New Business Mantra

Computer Associates is sounding more like IBM everyday. No longer satisfied with playing in the enterprise management space, CA is now pulling together the distant components of its software portfolio and heavily marketing itself as an e-business player.

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By  Greg Wilson Published  July 25, 2001

Business Plans|~||~||~|Computer Associates is sounding more like IBM everyday. No longer satisfied with playing in the enterprise management space, CA is now pulling together the distant components of its software portfolio and heavily marketing itself as an e-business player.

CA’s e-business mantra positions the vendor as a key provider in faster growing software segments, such as security, storage management and middleware. However, it’s not just all talk. Over the last six months there has been a comprehensive re-branding exercise, an internal reorganisation — to enable it to better sell and support its 1200-strong product range — and the introduction of a subscription-based licensing model. CA’s reengineering of both its internal organisation and relationships with customers is designed to introduce a greater degree of flexibility and responsiveness to the organisation. “The most successful companies are adaptable and flexible… based on that we’re adapting to the e-business marketplace,” explains Tarkan Maner, vice president corporate marketing with CA.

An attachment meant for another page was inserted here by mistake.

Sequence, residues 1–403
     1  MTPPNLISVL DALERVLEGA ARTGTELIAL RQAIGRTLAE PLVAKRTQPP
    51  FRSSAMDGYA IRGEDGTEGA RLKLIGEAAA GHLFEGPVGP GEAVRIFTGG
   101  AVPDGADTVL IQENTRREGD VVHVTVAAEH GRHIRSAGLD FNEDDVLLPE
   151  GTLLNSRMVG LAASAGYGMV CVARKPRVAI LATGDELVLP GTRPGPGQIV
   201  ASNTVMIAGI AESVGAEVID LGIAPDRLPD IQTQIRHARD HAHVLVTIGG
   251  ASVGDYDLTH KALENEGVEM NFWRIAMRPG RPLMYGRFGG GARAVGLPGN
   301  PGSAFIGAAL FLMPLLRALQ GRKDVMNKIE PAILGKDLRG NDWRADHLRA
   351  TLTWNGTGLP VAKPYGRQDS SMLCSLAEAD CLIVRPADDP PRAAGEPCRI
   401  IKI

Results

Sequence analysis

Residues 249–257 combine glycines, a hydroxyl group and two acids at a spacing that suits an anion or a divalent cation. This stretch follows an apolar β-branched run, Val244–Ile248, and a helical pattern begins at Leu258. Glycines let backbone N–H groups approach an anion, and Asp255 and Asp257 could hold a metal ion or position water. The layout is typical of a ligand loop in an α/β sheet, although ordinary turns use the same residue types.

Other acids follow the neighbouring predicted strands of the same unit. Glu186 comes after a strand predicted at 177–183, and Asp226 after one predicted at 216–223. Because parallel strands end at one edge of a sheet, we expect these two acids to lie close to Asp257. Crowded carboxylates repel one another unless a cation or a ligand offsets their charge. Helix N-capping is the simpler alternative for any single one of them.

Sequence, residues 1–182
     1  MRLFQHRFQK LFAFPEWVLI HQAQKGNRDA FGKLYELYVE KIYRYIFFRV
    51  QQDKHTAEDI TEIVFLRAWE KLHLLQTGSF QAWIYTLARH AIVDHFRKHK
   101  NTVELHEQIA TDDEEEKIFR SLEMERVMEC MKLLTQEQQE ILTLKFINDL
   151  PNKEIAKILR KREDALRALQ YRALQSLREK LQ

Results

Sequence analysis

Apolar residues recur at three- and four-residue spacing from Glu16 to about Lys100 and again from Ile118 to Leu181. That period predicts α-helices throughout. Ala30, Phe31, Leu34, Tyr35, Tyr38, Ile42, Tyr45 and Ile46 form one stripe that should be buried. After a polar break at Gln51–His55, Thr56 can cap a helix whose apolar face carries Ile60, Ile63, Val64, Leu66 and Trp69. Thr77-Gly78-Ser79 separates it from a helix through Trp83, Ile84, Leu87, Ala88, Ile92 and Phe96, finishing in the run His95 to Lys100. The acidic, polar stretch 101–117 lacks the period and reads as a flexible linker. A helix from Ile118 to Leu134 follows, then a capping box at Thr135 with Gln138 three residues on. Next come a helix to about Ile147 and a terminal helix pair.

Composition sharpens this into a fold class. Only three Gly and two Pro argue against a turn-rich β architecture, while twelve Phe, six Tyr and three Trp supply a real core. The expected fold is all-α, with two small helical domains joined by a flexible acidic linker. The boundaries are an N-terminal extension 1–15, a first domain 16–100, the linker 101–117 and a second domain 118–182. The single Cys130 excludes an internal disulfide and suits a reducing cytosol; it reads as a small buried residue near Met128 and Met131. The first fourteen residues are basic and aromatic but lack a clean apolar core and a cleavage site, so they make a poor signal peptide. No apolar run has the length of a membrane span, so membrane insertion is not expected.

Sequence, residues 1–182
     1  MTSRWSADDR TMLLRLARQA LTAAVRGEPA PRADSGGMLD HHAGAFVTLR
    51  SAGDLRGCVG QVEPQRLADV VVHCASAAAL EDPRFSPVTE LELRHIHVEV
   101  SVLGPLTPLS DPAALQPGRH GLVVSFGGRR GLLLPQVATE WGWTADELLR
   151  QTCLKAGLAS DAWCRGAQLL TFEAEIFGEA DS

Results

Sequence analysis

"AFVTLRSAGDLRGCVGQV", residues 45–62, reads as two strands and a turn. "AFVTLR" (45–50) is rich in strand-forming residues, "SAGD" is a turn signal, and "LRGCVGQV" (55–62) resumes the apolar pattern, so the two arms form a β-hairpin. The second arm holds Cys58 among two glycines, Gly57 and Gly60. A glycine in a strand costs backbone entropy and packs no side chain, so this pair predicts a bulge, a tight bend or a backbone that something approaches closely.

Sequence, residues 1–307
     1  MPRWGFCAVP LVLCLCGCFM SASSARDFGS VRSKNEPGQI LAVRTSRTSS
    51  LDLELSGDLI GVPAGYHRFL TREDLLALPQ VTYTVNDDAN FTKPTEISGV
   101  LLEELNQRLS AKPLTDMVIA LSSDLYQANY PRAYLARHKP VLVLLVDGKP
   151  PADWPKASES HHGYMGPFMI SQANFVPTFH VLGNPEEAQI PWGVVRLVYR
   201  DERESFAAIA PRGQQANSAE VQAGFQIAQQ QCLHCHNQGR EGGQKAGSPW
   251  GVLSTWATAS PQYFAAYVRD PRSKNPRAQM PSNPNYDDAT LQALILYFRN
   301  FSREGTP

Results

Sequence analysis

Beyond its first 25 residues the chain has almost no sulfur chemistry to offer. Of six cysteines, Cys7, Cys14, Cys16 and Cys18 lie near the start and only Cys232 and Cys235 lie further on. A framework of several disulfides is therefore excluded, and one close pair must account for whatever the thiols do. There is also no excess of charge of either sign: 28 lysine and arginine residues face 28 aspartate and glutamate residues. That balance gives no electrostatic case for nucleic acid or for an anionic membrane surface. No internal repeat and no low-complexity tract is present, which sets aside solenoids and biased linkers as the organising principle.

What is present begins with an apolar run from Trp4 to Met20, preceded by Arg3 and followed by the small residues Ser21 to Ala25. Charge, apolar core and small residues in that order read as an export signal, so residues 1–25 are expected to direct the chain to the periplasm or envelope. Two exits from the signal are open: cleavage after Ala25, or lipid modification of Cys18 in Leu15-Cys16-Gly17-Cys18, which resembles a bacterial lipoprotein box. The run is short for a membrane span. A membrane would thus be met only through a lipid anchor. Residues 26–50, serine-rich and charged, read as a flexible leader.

“[From] the foundation layer, to the organisation layer, to operations, to the research & development, to services, to the way we strategise and manage our products, all are part of this re-transformation [and] realignment of the company,” he adds.

CA’s drive for e-business status has also been pulled together under the vendor’s 3x6 strategy. Speaking at the vendor’s customer event, CA World, company chief executive & president, Sanjay Kumar, outlined the 3x6 strategy to customers, pledging it would result “in continued innovation… from CA.”